Farming and meditation - A Zen Buddhist monastery proposal driven by the religious ritual

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School of Arts, Design and Architecture | Master's thesis
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This dissertation applies a phenomenological and dynamic method to study the impact of religious rituals on their corresponding space to achieve two purposes. First, it discusses the religious meaning of the Zen Buddhist monastery in the context of architecture. Second, it explores the contemporary expression of Buddhist architecture. The religious investigation is carried out from two aspects related to architecture: 1) the evolution of religious philosophy is the psychological basis for the evolution of religious space and 2) religious rituals formulate the religious space. The main research methods of this thesis include theoretical research, field research, and phenomenological research. The theoretical research focuses on the religious revolution launched by ancient Zen masters and the evolution of Chinese Zen Buddhist architecture. The main survey subject of the field investigation was Zhenru Monastery, which is a typical Zen Buddhist monastery with a long history. The author also visited some Buddhist hermits in Ziyun mountain. The phenomenological research includes modelling studies, drawing studies, writing studies, and the final architectural proposal. This multi-angled research helps the author approach the deep meaning of Buddhist architecture gradually. The narrative structure of the thesis is organized into a timeline of a typical day in the monastery. After briefly introducing the monastery proposal, the thesis focuses on each detailed function of the monastery according to the daily routine. Each time node is relatively independent in the text, containing specific theoretical research, field research, and phenomenological research. At the same time, each independent time node is connected in the sequence and confirms the others’ significance.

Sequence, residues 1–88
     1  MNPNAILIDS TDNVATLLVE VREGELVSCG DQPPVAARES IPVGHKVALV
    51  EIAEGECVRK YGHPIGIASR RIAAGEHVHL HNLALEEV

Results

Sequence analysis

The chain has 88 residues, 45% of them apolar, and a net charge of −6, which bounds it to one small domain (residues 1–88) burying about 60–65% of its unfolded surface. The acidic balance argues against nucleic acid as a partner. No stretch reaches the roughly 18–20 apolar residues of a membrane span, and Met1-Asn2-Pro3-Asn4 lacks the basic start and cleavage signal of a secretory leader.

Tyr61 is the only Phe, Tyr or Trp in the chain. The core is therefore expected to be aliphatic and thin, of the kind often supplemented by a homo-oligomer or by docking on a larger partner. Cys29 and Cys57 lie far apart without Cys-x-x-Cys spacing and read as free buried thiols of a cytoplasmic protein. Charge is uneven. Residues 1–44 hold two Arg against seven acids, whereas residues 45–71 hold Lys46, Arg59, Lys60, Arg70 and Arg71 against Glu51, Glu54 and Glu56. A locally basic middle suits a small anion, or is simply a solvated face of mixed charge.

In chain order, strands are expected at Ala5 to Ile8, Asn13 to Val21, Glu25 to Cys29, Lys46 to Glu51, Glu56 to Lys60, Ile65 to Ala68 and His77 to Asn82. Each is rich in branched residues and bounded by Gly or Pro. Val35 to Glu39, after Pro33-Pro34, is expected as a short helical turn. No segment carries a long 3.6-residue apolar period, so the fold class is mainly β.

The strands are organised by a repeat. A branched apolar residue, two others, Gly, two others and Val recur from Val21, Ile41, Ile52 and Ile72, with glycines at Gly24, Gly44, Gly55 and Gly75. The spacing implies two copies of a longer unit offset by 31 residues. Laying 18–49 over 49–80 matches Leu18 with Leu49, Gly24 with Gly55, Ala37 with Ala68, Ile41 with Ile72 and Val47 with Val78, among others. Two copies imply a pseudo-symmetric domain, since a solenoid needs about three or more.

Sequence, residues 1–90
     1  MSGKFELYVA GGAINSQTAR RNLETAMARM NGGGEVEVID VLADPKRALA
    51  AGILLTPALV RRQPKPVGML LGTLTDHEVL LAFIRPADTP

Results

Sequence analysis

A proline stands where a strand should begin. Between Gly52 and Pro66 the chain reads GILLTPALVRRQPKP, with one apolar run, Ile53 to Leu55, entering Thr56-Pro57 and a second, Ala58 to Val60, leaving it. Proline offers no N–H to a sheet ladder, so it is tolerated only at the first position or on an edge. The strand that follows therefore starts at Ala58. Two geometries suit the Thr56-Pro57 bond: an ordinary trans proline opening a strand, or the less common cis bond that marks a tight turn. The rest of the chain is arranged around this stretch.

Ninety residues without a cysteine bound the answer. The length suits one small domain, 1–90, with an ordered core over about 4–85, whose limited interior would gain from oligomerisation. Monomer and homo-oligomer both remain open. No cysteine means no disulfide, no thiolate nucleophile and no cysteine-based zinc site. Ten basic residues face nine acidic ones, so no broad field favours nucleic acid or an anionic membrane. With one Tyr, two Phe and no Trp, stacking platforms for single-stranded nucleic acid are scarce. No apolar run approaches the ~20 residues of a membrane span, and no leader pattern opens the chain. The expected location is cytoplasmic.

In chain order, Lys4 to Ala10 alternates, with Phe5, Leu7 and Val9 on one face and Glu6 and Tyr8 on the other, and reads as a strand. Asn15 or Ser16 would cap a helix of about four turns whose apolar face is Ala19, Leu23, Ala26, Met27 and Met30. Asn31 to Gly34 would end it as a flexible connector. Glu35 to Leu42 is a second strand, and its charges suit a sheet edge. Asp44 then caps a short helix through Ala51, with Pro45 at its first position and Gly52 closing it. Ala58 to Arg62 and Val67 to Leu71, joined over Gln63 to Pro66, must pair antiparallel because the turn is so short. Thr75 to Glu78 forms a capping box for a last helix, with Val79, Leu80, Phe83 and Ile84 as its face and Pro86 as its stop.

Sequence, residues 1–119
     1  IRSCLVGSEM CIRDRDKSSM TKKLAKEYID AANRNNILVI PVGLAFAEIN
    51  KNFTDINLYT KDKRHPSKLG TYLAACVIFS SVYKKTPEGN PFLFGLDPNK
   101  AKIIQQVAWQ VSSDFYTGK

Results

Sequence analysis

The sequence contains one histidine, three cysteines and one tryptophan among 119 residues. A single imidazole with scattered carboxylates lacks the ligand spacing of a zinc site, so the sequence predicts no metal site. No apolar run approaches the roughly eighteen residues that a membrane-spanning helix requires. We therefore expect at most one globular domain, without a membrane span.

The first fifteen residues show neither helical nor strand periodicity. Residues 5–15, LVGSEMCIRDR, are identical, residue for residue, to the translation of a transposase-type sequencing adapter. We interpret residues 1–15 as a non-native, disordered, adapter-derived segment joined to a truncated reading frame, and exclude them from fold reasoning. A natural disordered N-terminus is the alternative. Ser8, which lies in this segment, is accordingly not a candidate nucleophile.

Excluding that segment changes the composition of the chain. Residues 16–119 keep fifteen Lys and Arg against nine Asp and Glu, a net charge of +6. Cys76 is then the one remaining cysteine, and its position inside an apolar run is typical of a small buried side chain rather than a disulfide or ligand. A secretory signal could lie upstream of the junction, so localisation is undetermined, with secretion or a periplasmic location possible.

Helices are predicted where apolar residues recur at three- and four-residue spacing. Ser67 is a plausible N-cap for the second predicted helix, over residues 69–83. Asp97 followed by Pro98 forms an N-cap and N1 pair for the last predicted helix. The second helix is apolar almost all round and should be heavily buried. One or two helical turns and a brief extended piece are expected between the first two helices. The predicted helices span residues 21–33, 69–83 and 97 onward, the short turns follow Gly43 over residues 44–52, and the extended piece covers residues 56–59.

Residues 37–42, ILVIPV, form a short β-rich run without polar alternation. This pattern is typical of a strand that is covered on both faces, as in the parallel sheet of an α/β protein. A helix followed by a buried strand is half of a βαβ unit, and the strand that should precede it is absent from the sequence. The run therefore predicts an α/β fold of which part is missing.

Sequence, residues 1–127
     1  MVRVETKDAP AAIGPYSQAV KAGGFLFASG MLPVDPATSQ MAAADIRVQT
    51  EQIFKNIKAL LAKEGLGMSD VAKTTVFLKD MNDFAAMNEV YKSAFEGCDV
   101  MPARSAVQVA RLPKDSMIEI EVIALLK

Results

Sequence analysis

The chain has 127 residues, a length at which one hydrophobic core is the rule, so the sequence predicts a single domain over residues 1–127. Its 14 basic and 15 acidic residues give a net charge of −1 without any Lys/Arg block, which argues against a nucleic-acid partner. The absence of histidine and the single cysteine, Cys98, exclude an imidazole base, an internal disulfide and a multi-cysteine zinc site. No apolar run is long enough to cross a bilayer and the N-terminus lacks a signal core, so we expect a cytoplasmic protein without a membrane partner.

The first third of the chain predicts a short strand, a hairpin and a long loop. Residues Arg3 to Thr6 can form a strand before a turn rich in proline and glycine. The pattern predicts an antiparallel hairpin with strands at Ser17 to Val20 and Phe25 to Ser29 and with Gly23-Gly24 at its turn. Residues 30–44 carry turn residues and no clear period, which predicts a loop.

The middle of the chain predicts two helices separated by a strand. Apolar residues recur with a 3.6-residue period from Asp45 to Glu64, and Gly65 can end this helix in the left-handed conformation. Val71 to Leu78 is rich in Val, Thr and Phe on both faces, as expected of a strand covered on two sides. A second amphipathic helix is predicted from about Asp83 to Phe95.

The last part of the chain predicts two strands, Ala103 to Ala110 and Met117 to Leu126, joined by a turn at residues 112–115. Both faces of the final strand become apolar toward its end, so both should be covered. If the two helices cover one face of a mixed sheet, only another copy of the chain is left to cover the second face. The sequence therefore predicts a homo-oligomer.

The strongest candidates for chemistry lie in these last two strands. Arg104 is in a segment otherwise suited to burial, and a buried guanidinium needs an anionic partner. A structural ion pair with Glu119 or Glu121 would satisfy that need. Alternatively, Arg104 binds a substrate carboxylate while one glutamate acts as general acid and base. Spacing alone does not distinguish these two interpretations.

Sanaksenaho, Pirjo
Thesis advisor
Sanaksenaho, Pirjo
Buddhist architecture, Zen, meditation, farming, architectural phenomenology, religious space, religious ritual